Let’s take Milwaukee as an example. The city has a cost of living around the national average, and there are dozens of eyelash extension businesses in the area. Prices for classic lash extensions range from $110-$300 based on the salon. If you were opening your business there, you might choose a price within that range but weighted toward one or the other end of the spectrum based on your experience and the quality of your work. In a smaller city, such as Lafayette, Louisiana, you’ll find fewer competitors, but a lower average salary, so you’ll likely need to compromise by lowering prices somewhat.
As you accrue working hours or upgrade the salon experience, don’t be afraid to adjust prices after opening. As long as the changes and their reasoning are communicated to clients well ahead of time, you’ll be able to contain the fallout of a price hike.
Think marketing is just for attracting new clients? Not true. Marketing strategies drive both client acquisition and retention, which is why they’re an indispensable tool for raising your eyelash extension business revenue. Consider advertising in local media or around town, with deals for first-time clients, to kickstart business. Working with other local businesses can create a virtuous circle of referrals and repeat clients, with bundled offerings or simple in-shop advertising encouraging clients of one business to patronize another.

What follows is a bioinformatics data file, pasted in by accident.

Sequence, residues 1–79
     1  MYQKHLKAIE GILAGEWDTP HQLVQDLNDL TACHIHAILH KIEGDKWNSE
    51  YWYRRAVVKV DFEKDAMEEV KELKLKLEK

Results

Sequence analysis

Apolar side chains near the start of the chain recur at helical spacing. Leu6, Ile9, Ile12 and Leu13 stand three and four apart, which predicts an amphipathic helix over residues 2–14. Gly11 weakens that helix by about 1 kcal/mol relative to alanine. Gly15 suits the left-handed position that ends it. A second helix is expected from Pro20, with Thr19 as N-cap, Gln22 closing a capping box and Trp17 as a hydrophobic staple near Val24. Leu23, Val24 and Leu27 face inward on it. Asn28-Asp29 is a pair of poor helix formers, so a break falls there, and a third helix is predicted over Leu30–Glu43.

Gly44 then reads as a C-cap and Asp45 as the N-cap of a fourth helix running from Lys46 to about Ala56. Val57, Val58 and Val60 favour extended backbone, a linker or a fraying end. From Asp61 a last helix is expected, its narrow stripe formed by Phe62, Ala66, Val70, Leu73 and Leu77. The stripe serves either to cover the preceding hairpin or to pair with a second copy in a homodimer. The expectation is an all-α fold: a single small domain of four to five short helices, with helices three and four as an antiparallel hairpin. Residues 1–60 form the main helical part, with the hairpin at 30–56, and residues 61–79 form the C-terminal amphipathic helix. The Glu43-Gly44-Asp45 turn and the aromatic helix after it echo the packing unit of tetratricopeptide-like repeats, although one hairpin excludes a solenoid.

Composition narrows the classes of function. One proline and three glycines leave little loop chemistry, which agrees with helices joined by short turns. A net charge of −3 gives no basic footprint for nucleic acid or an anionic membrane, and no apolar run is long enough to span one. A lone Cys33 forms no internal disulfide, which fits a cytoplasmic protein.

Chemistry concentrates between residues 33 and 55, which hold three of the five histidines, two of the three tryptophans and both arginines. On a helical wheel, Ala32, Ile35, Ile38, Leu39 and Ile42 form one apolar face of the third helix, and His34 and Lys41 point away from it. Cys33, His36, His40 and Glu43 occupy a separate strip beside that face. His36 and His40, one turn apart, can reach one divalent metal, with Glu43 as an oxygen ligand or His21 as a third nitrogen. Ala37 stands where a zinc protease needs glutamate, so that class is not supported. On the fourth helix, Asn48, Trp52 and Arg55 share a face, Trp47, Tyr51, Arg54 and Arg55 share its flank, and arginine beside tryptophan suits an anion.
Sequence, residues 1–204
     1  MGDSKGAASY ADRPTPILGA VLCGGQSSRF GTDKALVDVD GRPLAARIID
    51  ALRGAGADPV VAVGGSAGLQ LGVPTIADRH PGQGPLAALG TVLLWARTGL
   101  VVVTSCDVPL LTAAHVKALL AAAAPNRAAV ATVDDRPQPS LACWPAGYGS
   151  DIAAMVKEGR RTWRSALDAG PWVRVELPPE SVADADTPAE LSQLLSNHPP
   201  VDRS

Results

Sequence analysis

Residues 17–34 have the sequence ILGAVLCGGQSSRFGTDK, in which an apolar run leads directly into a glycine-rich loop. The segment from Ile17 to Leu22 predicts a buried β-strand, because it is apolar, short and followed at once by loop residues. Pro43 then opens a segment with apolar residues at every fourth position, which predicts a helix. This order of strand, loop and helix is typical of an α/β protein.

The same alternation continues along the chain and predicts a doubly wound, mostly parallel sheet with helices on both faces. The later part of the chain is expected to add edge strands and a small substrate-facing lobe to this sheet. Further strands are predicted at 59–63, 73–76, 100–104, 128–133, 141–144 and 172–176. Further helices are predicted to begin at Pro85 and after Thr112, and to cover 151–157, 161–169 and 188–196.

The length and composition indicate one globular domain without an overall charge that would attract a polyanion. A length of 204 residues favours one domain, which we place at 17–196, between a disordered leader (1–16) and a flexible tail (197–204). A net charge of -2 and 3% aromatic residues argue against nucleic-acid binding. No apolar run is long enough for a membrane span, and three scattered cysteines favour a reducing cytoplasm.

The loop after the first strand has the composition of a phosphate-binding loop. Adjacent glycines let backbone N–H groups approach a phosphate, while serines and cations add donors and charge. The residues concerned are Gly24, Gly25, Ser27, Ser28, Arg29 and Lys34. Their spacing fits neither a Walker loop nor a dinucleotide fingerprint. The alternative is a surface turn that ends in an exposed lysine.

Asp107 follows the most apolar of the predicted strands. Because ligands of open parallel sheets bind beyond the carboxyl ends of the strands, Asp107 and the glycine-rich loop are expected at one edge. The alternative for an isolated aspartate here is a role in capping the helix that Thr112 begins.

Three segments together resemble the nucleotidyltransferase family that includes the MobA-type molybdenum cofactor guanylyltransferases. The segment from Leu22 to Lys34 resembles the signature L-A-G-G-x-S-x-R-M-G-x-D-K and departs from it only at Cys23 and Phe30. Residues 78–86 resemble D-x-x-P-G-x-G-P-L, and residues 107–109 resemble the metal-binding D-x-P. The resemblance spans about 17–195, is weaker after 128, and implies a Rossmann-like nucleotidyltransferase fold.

It may feel hopelessly old school, but email is still one of the most cost-effective marketing channels there is. Your online booking solution means you already have a ready-made mailing list, so leverage that with a thoughtful (and fabulous) email outreach. Each email you send is a chance to build a lasting relationship, as email marketing can let you send personalized messages to clients.
Social media platforms provide another exciting avenue for marketing. Facebook ads are a cost-efficient way to get your business in front of a huge number of potential clients, as are TikTok and Instagram ads for a slightly younger audience. These ads can lead users directly to your booking site, or to an owned-and-operated page on those platforms where you can start building an engaged online community.
Upselling, cross-selling, and retail
But maybe you’ve already got all the business you can handle so getting new clients isn’t on your mind. In that case, it’s time to maximize revenue from your existing client base. One way to do it is to offer upgrades to more expensive services such as volume or mega-volume lashes. Clients regularly pay more for the bold looks they get through additional volume, allowing you to elevate your services and revenue simultaneously. You can even encourage clients who begin the booking process with classic extensions to upgrade to volume or mega-volume lashes — a classic upsell that helps optimize revenue.
Other supplemental services such as hydrating under-eye gel pads go hand-in-hand with lash work. Suggesting these services during booking can encourage clients to pay for an even more luxurious experience, making sure they have the best time possible at your business while earning you max revenue.
Finally, remember that your services need not end when the client leaves the business. If you incorporate retail sales of popular beauty products into your business, you can support your clients’ at-home needs and invigorate your bottom line simultaneously.